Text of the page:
If you thought we were going to make it through the first 24 hours after Robert Griffin III’s playoff injury without someone saying something potentially explosive that you wish you hadn’t really heard, well, you were wrong.
As several readers pointed out, Tom Joyner brought up the Redskins game on his popular syndicated radio program Monday morning. I’m not a regular listener, so I can’t swear that this wasn’t some sort of a gimmick, but it seemed awfully sensitive ground.
“I’m just gonna say it, I think Mike Shanahan — the coach of the Washington Redskins — could be compared to the character that DiCaprio plays in Django,” Joyner said.
That character, of course, is a slave owner, who has some of his slaves fight for entertainment.
“You’re absolutely right,” comedian J.A. Brown said. “Keep fighting, Negros.”
“Keep fighting,” Joyner echoed. “Keep fighting. RGIII had no business playing.”
“At all,” Brown agreed.
“The team’s doctor says that he was not cleared to play,” Joyner continued, slightly confusing the story. (According to USA Today, Dr. James Andrews had not examined RGIII before he re-entered last month’s game against the Ravens. There have been no indications that doctors wanted RGIII out against the Seahawks.)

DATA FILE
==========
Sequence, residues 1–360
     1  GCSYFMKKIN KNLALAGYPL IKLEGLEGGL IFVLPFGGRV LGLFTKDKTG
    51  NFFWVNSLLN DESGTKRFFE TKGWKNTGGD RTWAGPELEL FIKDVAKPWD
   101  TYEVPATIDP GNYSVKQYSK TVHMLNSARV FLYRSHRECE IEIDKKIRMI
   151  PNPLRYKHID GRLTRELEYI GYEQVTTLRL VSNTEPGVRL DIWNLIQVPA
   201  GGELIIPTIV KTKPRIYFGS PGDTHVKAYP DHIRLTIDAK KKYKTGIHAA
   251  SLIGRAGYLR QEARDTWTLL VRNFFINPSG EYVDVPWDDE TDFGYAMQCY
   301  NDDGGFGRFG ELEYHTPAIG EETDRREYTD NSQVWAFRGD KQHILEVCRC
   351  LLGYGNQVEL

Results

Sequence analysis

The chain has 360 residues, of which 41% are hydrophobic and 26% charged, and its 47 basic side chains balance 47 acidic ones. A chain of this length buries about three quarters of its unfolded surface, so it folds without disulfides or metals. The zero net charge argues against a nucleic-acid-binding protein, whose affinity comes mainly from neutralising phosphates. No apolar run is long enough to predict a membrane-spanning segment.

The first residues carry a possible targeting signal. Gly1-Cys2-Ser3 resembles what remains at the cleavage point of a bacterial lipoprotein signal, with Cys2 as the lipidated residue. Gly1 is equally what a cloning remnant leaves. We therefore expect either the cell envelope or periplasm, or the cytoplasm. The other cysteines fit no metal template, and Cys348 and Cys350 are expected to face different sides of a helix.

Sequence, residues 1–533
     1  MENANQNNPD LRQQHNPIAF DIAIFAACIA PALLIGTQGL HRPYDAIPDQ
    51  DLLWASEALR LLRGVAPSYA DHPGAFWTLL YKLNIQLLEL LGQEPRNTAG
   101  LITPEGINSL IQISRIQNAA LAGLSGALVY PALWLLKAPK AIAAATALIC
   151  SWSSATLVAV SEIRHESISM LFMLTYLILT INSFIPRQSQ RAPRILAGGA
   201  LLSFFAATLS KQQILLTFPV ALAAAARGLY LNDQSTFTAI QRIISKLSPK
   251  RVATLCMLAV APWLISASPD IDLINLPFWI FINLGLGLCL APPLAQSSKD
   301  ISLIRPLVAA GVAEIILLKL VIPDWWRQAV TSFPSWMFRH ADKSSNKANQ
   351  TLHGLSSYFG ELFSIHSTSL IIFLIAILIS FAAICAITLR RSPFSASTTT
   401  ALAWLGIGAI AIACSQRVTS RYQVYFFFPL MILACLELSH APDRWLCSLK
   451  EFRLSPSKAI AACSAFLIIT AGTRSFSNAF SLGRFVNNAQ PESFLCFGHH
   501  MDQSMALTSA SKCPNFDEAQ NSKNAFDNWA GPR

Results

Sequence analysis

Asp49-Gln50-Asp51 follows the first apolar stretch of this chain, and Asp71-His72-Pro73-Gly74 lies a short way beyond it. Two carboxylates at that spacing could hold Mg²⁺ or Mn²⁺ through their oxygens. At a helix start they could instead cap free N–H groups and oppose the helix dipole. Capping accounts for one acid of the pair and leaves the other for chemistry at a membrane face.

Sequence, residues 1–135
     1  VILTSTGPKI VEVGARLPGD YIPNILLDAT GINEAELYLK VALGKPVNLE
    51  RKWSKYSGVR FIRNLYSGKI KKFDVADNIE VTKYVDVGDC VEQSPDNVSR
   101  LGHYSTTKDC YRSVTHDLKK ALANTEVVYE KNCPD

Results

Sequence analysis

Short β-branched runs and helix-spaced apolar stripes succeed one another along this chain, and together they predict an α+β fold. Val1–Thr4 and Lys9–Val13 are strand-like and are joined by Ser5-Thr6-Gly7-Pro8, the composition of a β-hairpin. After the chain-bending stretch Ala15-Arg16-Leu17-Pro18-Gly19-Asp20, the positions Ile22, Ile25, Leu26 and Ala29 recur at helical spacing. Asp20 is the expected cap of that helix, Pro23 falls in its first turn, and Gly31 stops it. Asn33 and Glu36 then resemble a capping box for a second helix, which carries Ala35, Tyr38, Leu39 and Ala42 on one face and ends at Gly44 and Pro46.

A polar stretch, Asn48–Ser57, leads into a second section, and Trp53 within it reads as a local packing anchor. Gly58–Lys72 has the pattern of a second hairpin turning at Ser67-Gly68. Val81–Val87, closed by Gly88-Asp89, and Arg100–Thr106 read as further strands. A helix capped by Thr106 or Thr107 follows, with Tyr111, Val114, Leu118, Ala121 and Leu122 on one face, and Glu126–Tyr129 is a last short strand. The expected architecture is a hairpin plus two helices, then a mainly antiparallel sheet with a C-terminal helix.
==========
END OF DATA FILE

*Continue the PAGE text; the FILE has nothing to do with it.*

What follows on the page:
“Mike Shanahan put him in there anyway,” Joyner went on. “If you saw the movie, just like DiCaprio had the Mandingos fighting in the room. That’s what he did. That’s what he did to RGIII.”
“Kirk Cousins did a good job when he came in there man, he really did,” Brown said.
“Now, did RGIII play any part in that, in saying he was good to go?” asked Sybil Wilkes.
“He probably did,” Joyner allowed.
“So, there’s culpability on both sides?” Wilkes suggested.
“Yeah, he wants to win,” Joyner said. “He wants the team to win at all costs. But somebody is responsible — and that should be Mike Shanahan — for saying, Okay son, I know you want to go in, the doctors say you’re not cleared,” Joyner went on. “That’s Mike Shanahan. He’s gonna get the boy killed. And you don’t know how bad the injury is. He’s re-injured it. Will he be able to come back like Adrian Peterson? Not likely.”
“He’s as bad as the white man in Django?” asked Brown, still sounding uncertain.
“He’s as bad as the mean white man in Django,” Joyner said. “Talk to me. Do you agree or not?”
Again, I don’t know. Maybe this whole thing was a put-on. But it didn’t really sound like it. And even if it was hyperbole for sport, you can’t really compare Mike Shanahan to an evil fictional slave owner without raising some eyebrows.
(Via @LoudGoat and others.)